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This eBook from the Gutenberg Project consists of approximately 126 pages of information about Navy Boys Behind the Big Guns.

“It seems reasonable.  At least, I shall make a report as soon as we get away from the island.  And the old woman should be watched, too.”

“Indeed she should!” cried Whistler.  “What do you suppose she meant, Mr. MacMasters, about our Kennebunk being sunk?”

“The speech was fathered by the wish, perhaps.”

“But she seemed so certain—­so assured,” murmured Whistler.

He was not satisfied by this explanation of Mr. MacMasters, and was silent all the way back to Mag’s cabin.  They came in sight of the place just as the men poured out of the cabin in great excitement.

“What do you suppose is the matter with them now?” demanded the ensign.

But he spied the cause of the excitement as soon as Whistler did.  Crossing the sound was a swift revenue cutter, and one of the seamen, under direction from Mr. Mudge, leaped upon a bowlder and began to signal, semaphore fashion.

The signals were returned and the cutter swung in shoreward and soon dropped a boat for the castaways.  The shipwrecked seamen from the Kennebunk swarmed down to the strand.

Mr. MacMasters whispered to Whistler that they would have their breakfast aboard the Coast Guard boat.  Then he went to the scowling old woman who, after all, had been a most hospitable hostess.  Some of the sailors had given her money in small sums; but the ensign forced her to accept an amount that he thought generous payment for what she had done for them, and Mag seemed to agree.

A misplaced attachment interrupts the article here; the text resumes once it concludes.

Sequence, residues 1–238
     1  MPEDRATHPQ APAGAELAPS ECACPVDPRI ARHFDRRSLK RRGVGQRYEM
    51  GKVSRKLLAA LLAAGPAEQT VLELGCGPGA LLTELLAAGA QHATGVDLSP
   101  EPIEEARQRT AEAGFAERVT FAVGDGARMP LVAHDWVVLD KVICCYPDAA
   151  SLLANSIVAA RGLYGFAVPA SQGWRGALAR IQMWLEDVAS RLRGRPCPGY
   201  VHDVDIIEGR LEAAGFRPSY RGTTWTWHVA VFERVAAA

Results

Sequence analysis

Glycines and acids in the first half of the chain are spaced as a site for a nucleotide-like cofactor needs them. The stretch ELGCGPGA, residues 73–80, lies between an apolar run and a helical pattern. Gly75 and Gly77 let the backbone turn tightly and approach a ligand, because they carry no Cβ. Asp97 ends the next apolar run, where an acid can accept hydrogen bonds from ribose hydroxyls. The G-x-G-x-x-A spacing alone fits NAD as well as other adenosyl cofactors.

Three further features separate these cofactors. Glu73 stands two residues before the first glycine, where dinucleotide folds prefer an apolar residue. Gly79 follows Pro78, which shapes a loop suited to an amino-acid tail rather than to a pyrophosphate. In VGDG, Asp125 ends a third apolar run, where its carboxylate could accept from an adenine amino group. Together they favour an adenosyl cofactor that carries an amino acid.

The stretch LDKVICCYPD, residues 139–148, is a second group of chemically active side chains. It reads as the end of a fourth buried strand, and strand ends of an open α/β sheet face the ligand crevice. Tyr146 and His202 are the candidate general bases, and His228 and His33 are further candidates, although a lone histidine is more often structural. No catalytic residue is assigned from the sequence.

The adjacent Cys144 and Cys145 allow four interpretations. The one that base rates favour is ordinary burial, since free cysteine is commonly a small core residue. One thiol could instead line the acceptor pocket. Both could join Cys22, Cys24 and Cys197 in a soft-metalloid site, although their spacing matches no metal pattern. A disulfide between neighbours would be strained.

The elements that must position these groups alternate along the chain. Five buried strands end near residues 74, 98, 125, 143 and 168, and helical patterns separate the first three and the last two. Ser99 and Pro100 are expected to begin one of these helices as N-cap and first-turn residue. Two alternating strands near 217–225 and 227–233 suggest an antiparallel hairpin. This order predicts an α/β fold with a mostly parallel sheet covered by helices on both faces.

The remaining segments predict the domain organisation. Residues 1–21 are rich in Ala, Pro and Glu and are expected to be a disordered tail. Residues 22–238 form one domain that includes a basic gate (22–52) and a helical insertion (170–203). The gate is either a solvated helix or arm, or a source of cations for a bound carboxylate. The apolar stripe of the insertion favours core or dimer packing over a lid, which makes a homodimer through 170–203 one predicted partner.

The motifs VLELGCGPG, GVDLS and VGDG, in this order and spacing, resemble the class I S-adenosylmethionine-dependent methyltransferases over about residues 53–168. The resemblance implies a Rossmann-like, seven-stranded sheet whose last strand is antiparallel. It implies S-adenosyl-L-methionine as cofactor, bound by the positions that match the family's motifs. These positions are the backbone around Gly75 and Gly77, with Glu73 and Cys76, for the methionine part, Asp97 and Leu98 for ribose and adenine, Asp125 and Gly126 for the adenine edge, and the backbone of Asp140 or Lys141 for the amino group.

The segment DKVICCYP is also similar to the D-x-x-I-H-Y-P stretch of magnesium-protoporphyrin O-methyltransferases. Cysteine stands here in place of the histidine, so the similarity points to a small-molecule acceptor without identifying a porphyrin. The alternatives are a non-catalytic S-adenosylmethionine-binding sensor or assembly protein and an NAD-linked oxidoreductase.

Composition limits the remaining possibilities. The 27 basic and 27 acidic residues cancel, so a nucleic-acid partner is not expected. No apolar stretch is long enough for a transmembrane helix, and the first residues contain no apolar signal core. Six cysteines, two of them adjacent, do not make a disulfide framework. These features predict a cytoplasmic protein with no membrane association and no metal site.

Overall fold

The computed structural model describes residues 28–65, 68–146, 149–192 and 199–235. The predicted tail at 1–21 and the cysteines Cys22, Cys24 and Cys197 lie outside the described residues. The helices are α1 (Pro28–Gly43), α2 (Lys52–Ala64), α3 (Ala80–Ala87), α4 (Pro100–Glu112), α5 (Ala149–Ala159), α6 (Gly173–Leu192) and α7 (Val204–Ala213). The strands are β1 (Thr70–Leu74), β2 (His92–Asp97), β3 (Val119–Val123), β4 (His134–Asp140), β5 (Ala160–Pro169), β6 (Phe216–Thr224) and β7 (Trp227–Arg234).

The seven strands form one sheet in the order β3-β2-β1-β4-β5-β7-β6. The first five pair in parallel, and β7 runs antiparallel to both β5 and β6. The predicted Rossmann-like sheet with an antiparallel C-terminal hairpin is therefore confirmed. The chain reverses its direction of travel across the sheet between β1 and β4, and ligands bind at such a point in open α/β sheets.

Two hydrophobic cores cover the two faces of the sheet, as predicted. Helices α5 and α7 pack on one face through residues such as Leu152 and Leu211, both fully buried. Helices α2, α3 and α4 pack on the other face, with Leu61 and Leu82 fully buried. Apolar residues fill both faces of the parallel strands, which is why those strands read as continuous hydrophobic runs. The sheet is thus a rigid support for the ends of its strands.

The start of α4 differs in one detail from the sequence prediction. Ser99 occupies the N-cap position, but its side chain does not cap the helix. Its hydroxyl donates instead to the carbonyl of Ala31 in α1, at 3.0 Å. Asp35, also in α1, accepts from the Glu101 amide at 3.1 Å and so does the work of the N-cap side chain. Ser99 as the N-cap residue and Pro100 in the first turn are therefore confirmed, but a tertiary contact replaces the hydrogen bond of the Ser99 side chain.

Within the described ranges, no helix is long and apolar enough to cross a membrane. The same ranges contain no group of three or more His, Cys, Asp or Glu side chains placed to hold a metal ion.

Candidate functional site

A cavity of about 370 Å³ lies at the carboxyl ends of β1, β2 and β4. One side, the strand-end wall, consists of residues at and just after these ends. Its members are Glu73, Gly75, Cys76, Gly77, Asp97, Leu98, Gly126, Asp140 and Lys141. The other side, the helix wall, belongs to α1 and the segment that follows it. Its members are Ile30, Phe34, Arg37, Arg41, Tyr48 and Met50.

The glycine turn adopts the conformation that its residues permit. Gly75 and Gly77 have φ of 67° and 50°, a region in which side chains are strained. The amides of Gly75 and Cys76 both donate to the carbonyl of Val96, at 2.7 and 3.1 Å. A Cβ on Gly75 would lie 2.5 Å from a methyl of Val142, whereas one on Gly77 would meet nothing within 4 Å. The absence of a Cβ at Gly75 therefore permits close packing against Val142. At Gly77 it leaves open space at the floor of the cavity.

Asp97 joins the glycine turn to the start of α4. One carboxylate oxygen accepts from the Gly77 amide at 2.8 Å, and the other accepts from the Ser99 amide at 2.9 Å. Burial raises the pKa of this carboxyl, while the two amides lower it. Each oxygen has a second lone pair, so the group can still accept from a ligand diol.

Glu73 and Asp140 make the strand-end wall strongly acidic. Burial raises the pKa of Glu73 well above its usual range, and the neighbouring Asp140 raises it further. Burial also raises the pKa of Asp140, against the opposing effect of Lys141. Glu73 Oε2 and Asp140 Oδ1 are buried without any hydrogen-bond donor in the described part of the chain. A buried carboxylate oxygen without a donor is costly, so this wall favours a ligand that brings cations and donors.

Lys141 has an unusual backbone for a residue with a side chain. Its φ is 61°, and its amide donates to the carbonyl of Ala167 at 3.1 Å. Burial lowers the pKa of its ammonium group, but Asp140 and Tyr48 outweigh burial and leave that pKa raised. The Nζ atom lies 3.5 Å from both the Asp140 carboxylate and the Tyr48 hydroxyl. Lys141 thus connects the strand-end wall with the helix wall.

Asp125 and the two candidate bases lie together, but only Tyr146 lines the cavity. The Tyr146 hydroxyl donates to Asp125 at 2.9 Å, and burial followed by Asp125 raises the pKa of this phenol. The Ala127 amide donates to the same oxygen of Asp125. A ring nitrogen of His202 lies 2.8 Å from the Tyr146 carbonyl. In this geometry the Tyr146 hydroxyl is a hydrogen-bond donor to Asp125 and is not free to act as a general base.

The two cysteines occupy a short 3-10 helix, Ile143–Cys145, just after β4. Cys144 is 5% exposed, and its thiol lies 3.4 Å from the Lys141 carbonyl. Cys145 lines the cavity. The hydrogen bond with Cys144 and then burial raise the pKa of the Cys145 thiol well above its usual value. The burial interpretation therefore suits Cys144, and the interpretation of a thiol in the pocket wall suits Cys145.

“Yo’ Yankees air free-handed already,” she drawled.  “But that won’t save you, Mr. Officer, from the trouble that’s heaped up for you-uns.”

“What is the nature of this trouble?” asked the ensign curiously.

“Death an’ destruction,” said the old woman.  “Death and destruction.  Yo’ fine big ship, the Kennebunk ship, will be blowed sky-high.  It’s a comin’!  Mark Old Mag’s prophecy, Mr. Officer.”

“We shall all have to go on and do our duty just the same, Mag,” said Mr. MacMasters, seriously.  “And if a sailor does his duty, he’s done his all.  The rest is in God’s hands.”

“Don’t blaspheme, Mr. Yankee!” warned the old woman.  “The Lawd ain’t studyin’ ‘bout he’pin’ you-uns none.  He’s on the other side already.”

The boat from the cutter had to return a second time before all the castaways were transferred to the revenue vessel.  Whistler went in the last boat with Ensign MacMasters.

When they were on the cutter’s deck the young fellow heard Mr. MacMasters ask at once about the character of the old woman, and of any other people who might belong on the island.

“They’re under suspicion,” the commander of the cutter said briefly.  “The Department has its eye on them.  On that old woman, too.”

Mr. MacMasters asked if anything was known about the small cabin back in the forest.  The revenue officer listened eagerly.

“Ah-ha!  That is something of moment, Ensign.  I shall surely be glad to hear all about that.  But we must be brisk.  Do you know that your Captain Trevor is combing the sea and the coast with wireless messages for you?”

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